Most helpful critical review
on April 19, 2004
Timothy Zahn of "Star Wars" spinoff novel fame tries his hand at young adult scifi, reprinted in paperback by Starscape Books. It's a straightforward, solid sci-fi adventure, though it lacks in character development and spends too much time on action chases.
Fourteen-year-old Jack Morgan is a thief, a fugitive, and an orphan accused of a crime he didn't commit; the guy raising him is a holographic replica of his Uncle Virge. When Jack is hiding on an abandoned planet, he sees ships engage in a battle, and one crashes. When he and Virge check out the wreckage, a dragon-like creature leaps at Jack -- and becomes a two-dimensional, tattoolike image on his skin.
It turns out the dragon is Draycos, a K'Da warrior whose symbiotic host died in the attack. The K'Da are incredibly smart and dangerous, but they die in six hours if their host dies. Jack soon learns that there are advantages to having the stalwart Draycos on his side -- especially when they are being attacked by the Valahgua, the deadly race who have lethal energy weapon "The Death." Together Jack and Draycos must clear Jack's name and stop the Valahgua.
"Dragon and Thief" takes place in a pretty standard sci-fi setting, with space travel, cool gadgets and a few trappings reminiscent of cheesy SF movies. Aliens, battles, and a teenaged anti-hero are the basis of it all. Zahn doesn't add a lot to the setting, but he gives a good feeling for the grit and danger of it.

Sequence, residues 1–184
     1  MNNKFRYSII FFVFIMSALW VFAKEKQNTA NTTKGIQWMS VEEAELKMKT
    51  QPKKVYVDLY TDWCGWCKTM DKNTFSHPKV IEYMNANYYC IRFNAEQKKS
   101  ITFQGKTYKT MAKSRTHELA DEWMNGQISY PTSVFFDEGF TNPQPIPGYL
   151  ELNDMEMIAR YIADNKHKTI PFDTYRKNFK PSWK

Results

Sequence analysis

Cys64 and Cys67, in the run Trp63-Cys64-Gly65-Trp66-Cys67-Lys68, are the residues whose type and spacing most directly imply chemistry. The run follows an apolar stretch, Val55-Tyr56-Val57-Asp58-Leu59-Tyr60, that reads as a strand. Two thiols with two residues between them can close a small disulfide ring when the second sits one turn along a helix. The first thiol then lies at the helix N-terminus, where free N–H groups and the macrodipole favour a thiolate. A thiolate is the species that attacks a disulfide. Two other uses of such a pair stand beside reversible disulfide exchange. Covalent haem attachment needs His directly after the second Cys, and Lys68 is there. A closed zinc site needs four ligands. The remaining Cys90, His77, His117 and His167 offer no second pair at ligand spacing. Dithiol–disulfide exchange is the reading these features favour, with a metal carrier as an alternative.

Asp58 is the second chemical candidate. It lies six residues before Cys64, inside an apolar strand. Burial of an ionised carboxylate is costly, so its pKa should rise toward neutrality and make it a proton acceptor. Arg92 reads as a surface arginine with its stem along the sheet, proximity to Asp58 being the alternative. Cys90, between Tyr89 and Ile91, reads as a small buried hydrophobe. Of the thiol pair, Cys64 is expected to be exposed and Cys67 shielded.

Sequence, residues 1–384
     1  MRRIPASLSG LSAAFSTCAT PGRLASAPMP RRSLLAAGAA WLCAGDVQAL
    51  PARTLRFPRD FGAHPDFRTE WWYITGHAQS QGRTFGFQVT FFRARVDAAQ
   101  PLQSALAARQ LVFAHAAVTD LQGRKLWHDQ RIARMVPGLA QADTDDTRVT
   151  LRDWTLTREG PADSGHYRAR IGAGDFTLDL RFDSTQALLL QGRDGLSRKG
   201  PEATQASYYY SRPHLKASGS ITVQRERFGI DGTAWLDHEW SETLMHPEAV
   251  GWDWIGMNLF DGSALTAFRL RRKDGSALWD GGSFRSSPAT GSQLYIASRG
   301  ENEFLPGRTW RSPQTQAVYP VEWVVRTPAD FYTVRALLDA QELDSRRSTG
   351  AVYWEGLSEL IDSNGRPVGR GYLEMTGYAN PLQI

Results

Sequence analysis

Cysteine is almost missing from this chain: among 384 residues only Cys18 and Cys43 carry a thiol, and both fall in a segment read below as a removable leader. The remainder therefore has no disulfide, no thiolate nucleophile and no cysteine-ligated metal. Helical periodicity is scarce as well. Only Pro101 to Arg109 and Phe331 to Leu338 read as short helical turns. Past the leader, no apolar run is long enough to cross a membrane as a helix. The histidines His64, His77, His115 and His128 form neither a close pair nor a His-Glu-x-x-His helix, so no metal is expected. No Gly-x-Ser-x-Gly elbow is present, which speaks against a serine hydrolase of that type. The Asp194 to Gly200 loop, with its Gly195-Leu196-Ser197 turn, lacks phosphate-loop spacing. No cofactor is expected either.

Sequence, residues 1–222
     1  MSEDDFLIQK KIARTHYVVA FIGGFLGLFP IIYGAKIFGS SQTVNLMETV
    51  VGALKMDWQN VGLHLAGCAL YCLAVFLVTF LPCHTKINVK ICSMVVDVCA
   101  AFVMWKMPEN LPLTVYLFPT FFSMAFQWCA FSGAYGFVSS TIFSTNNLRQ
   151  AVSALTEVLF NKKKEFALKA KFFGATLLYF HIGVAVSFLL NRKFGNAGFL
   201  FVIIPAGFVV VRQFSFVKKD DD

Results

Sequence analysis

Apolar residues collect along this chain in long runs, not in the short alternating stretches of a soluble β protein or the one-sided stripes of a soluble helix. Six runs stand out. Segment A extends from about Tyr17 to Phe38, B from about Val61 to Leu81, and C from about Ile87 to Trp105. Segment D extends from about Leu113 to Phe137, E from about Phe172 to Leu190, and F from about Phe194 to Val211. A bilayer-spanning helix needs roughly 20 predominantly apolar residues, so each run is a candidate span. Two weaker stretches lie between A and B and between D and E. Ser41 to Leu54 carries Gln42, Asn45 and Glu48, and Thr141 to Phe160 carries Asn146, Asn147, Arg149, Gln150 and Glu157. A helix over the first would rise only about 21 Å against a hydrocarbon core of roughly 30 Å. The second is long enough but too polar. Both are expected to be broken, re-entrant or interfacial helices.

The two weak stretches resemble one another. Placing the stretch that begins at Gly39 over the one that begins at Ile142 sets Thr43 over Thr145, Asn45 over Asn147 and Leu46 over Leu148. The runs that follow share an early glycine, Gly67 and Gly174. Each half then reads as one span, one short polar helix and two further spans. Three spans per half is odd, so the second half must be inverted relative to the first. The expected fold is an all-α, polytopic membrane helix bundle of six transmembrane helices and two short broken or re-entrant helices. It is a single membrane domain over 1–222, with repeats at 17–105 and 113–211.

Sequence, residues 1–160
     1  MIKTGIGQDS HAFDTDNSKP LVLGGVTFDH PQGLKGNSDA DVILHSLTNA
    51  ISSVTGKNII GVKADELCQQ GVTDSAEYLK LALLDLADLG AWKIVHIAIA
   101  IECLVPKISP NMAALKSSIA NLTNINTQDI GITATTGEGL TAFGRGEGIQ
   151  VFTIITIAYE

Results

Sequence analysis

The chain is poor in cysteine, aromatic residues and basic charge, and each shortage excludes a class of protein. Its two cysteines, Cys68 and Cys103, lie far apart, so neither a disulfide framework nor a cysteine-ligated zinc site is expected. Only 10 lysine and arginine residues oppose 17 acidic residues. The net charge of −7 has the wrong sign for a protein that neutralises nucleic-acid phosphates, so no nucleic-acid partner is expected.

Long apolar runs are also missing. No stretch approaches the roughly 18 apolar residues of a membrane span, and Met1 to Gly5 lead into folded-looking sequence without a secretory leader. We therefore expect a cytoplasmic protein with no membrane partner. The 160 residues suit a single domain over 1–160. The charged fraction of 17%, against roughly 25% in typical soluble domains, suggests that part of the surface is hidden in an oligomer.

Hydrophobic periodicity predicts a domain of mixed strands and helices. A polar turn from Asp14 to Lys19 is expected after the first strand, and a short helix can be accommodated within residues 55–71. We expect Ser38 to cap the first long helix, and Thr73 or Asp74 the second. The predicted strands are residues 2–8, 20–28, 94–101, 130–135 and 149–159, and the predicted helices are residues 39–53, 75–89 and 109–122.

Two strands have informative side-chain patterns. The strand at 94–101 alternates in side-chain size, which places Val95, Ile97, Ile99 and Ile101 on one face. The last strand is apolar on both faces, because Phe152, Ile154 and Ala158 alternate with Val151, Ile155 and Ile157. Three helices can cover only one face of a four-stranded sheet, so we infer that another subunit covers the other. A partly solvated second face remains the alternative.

Written with a young adult audience in mind, "Dragon and Thief" could use a few more pages. Zahn keeps the plot going by fast, but fails to pause for much development -- he barely even describes the future world that he drops readers into, and the characters don't get a lot of development. But he's clearly thought out the sci-fi elements, such as the Valahgua and the K'Da. The idea of a giant dragon that turns into a tattoo could have been silly, but Zahn pulls it off well.
Draycos (the dragon of the title) is by far the most interesting character in the book. He's a "poet-warrior," with a strict code of ethics and wicked fighting skills of all stripes. Jack (the thief) is substantially less interesting as an anti-hero, and he never develops much of a personality. Uncle Virge is much more interesting (which is surprising as he is actually dead).
"Dragon and Thief" is a flawed but promising start to a new sci-fi series. Zahn needs to get a better handle on the characters, but it might all turn out to be worth it in the end.